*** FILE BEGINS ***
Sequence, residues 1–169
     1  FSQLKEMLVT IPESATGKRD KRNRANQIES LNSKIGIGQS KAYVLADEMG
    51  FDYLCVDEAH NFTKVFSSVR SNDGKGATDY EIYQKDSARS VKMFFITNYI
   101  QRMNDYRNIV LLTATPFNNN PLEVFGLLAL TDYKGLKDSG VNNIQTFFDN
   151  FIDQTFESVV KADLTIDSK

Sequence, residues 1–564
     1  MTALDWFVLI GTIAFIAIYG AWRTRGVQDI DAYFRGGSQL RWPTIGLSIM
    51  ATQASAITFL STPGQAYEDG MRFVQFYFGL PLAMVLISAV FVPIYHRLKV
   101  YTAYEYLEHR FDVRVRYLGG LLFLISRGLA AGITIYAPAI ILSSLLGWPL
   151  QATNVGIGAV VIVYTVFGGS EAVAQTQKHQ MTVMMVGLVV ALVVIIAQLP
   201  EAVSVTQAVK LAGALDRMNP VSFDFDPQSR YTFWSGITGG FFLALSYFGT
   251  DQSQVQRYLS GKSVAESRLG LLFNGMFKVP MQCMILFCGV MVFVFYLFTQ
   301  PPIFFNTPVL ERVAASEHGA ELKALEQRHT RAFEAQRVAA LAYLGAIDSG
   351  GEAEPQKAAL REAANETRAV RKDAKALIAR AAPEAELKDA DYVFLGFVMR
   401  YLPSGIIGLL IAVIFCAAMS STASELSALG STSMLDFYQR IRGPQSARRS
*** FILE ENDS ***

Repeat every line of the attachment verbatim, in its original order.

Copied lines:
Sequence, residues 1–169
     1  FSQLKEMLVT IPESATGKRD KRNRANQIES LNSKIGIGQS KAYVLADEMG
    51  FDYLCVDEAH NFTKVFSSVR SNDGKGATDY EIYQKDSARS VKMFFITNYI
   101  QRMNDYRNIV LLTATPFNNN PLEVFGLLAL TDYKGLKDSG VNNIQTFFDN
   151  FIDQTFESVV KADLTIDSK

Sequence, residues 1–564
     1  MTALDWFVLI GTIAFIAIYG AWRTRGVQDI DAYFRGGSQL RWPTIGLSIM
    51  ATQASAITFL STPGQAYEDG MRFVQFYFGL PLAMVLISAV FVPIYHRLKV
   101  YTAYEYLEHR FDVRVRYLGG LLFLISRGLA AGITIYAPAI ILSSLLGWPL
   151  QATNVGIGAV VIVYTVFGGS EAVAQTQKHQ MTVMMVGLVV ALVVIIAQLP
   201  EAVSVTQAVK LAGALDRMNP VSFDFDPQSR YTFWSGITGG FFLALSYFGT
   251  DQSQVQRYLS GKSVAESRLG LLFNGMFKVP MQCMILFCGV MVFVFYLFTQ
   301  PPIFFNTPVL ERVAASEHGA ELKALEQRHT RAFEAQRVAA LAYLGAIDSG
   351  GEAEPQKAAL REAANETRAV RKDAKALIAR AAPEAELKDA DYVFLGFVMR
   401  YLPSGIIGLL IAVIFCAAMS STASELSALG STSMLDFYQR IRGPQSARRS